Why The Future of Customer Loyalty Depends on Meaningful Interactions



Facebook’s Group Director Dan Robinson dissected why customer loyalty is being disrupted, and why the future of loyalty depends on meaningful, one-on-one interactions.


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What aspect of a business can now be described as “easy come, easy go?” Customer loyalty.

New technologies are constantly evolving, and customers are provided with more choices than they have been prepared for. As a result, brands and agencies today need to establish new value and come up with new tools to drive customer loyalty.

However, what is deemed “value” in this environment, and how is new technology helping?

At Social Media Week London 2018, Facebook’s very own Group Director, Dan Robinson, talked about why the future of loyalty centers around relevant, one-on-one interaction with customers.

Customer loyalty has been disrupted

According to Robinson, 77% of customers say they are more likely to switch brands than they did three years ago, and there are three reasons for this.

  • People are changing. “If there’s one thing that changes faster than technology, it’s people’s expectation,” said Robinson. It’s an era where immediacy has come first.
  • The rise of disruptors. More businesses are popping up on a daily basis. According to Robinson, there are 90 million business pages on Facebook, and on every single day, there are 35,000 new ones that are being created.
  • Government and regulators. We live in a time when these two factors are actively encouraging innovation along with competition.

Poor customer service drives customers away

Robinson described poor customer service as “the biggest kicker” of businesses. He cited stats that show 52 percent of customers switched brand in the past year alone, due to poor customer service.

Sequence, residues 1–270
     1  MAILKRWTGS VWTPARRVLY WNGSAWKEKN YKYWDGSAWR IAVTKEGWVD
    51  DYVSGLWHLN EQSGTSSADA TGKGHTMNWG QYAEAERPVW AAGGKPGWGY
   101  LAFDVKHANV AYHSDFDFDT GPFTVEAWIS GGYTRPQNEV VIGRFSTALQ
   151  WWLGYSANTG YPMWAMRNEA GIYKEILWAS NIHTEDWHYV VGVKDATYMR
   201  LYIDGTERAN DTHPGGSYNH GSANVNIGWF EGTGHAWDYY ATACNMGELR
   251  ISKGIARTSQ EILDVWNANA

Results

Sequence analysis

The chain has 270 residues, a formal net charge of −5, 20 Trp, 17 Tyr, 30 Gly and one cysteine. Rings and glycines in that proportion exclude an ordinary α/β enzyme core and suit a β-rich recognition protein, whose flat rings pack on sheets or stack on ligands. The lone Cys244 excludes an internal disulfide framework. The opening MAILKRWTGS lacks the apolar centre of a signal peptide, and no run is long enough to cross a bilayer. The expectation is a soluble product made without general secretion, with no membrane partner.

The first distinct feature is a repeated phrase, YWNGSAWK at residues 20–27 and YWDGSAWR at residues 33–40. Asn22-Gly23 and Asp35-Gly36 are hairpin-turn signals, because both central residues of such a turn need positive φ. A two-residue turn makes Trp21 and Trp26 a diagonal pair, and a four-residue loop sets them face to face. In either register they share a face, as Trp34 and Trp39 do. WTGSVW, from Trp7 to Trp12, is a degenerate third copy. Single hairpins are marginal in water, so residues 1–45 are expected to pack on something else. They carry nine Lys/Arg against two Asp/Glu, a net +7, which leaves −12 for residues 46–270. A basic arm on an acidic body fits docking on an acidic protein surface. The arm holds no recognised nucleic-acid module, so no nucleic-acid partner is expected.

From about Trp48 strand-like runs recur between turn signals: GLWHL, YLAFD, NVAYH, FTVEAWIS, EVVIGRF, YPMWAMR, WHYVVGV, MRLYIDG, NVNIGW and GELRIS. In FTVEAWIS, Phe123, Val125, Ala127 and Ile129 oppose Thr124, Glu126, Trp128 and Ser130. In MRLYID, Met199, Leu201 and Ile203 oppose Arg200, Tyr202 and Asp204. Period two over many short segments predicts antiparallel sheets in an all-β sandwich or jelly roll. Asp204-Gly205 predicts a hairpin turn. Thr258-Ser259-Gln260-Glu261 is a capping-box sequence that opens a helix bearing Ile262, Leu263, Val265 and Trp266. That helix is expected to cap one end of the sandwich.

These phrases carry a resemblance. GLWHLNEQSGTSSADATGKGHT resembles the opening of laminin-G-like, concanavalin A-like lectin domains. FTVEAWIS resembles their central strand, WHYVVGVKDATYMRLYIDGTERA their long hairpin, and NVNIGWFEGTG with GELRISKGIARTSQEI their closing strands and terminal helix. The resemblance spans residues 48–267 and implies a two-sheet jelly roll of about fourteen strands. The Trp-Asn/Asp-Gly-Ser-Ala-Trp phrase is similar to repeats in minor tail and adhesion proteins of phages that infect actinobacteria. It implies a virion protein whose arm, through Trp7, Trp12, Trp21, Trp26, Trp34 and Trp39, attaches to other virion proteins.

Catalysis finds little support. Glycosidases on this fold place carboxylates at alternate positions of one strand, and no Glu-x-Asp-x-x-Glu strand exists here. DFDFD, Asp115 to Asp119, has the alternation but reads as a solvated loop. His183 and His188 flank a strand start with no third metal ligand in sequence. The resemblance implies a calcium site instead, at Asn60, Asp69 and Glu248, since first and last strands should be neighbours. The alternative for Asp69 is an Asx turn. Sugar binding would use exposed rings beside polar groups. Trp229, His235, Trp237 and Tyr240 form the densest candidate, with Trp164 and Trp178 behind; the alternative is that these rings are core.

“And that is costing £201 billion for UK businesses,” said Robinson.

Building fast, convenient, and personal customer service

Robinson thinks that the solution to this problem is through new and better customer service tool, like the gift bot that LEGO has developed, which lives on Messenger.

According to Robinson, messaging is the fastest growing form of communication. Every day, across WhatsApp and Messenger, there are 100 billion messages being sent out.

“64 percent of people choose messaging a business over picking up the phone or sending an email,” said Robinson. “It means that expectations for business have changed.”

LEGO’s gift bot, Ralph, helps customers pick LEGOs by asking a series of questions that the bot uses to base its picks upon. Once finished, the chosen gift will be in the basket, which means customers are only two clicks away from purchase.

Since LEGO started experimenting with the bot last year, the result has been telling — ads that people click through to be directed to Ralph has a 3.4x higher return, compared with those that direct them to the LEGO website.

“In summary, we think the answer is to build a fast, convenient and personal customer service,” Robinson said. “It not only keeps customers, but drives sales and profitability.”

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